Murphy Davis, 72, advocate for homeless, death row inmates

Murphy Davis, a determined advocate for death row inmates and homeless people in Georgia, died Thursday of complications related to cancer. She was 72.

Davis had been in hospice care in Baltimore, where she and her husband, Eduard Loring, lived after leaving Atlanta a few years earlier. Her death was confirmed by their daughter, Hannah Murphy Buc.

Davis, a Presbyterian minister, left an indelible imprint on Georgia, where for decades she worked with homeless people and was a regular visitor to death row inmates.



“It is not always an easy task to affirm that even a murderer is a child of God, but we know that it is true,” she told The Associated Press in 1986. “There is no act, no matter how vicious, that entirely blots out that identity.”

Among her numerous honors, she received a 1991 fellowship from the Petra Foundation, which recognizes the work of “unsung heroes” for social justice, and she is listed among Robert Shetterly’s Americans Who Tell The Truth.

Davis became a full-time activist as a theological student in the mid-1970s, after a key Supreme Court decision upheld the death penalty. Along with her husband and fellow Presbyterian minister, she made it her life’s work to fight against the death penalty, advocate for homeless people and press for racial and economic justice and the abolition of war.

In 1979, carrying a 10-day-old baby, they opened an Atlanta night shelter for the homeless, their daughter said. Then in 1981, the couple and others founded Open Door Community near downtown Atlanta. Based in a large, old home, they housed and fed many of the homeless people living on nearby streets while working for larger social justice goals.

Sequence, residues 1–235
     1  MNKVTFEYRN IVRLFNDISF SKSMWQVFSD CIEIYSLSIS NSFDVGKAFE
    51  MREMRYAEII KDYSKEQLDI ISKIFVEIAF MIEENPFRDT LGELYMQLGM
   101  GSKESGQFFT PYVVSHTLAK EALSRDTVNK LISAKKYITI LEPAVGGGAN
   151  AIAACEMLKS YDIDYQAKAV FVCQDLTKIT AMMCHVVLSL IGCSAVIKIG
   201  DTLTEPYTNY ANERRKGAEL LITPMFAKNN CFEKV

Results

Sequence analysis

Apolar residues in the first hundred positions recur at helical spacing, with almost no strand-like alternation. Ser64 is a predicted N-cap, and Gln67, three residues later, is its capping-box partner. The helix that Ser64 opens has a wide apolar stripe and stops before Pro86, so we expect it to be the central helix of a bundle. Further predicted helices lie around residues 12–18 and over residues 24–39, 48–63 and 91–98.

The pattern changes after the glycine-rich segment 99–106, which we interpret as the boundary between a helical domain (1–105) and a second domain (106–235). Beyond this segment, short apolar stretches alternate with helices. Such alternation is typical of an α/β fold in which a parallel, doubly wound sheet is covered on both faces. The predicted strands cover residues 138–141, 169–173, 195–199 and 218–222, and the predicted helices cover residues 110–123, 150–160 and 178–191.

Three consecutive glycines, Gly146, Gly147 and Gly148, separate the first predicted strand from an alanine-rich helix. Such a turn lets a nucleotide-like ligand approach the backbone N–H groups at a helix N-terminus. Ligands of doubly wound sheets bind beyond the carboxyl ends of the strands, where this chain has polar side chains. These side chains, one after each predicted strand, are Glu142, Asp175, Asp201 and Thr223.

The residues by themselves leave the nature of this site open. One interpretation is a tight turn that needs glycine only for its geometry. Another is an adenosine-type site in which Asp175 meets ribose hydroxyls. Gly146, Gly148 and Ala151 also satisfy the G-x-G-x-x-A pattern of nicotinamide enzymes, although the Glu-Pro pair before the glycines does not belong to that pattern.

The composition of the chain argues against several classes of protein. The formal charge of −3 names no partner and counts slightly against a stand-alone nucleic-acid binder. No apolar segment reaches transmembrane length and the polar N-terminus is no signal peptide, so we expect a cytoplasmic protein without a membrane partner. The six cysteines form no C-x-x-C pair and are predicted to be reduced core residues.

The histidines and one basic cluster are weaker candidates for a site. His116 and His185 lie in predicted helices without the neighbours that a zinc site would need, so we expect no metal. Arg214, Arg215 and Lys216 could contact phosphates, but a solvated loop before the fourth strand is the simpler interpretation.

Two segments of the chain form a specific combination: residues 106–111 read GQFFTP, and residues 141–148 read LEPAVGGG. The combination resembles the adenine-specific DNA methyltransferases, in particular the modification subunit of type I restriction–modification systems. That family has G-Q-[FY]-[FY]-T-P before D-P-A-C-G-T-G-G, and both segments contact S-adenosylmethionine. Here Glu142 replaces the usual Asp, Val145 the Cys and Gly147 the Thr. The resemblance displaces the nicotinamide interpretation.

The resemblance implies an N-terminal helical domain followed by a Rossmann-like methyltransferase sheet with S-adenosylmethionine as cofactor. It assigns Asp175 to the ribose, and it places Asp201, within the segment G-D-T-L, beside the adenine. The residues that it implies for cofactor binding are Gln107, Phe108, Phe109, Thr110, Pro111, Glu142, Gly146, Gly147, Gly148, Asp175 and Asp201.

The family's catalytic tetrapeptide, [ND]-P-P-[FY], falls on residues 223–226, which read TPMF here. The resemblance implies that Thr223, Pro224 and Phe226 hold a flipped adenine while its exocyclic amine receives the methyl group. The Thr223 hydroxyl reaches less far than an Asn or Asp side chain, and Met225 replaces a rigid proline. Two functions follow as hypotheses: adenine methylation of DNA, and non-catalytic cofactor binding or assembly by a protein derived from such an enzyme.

They organized protests that won concessions from the city of Atlanta and prompted the city’s public hospital to reverse its plans to impose a co-pay on its poorest patients. They also demonstrated at the state Capitol to oppose executions, and Davis made innumerable visits to prisoners on Georgia’s death row.

Anti-death penalty attorney Bryan Stevenson, who founded the Equal Justice Initiative, called Davis “a person with deep conviction and resolve, constantly looking for ways to bring light into dark places,” and wrote that she “has actually spent more time in jails and prisons than most people who have never been convicted of a crime.”

He said Open Door gave him and other activists a place to be nurtured in spirit as well as to think, talk and strategize.

“People from every different sort of life experience sat together at table and learned about one another and figured out how to share life,” said her daughter, now a nursing professor at the University of Maryland. “The opportunity to grow up with such a wide and loving perspective on the world and see how to work constantly for justice through that love and those relationships has informed everything that I’ve ever done. And she was the center of that.”

The Open Door Community closed in 2017 as the founders grew older and the neighborhood gentrified.

Her memoir “Surely Goodness and Mercy” was published two weeks before her death.

Davis’s survivors include her husband and their daughter, son-in-law Jason and granddaughter Michaela, and a sister and two brothers.

ExploreView Murphy Davis's obituary, send flowers and sign the guestbook.
ExploreFrom 1996: A longform profile of the Rev. Murphy Davis, when she was battling cancer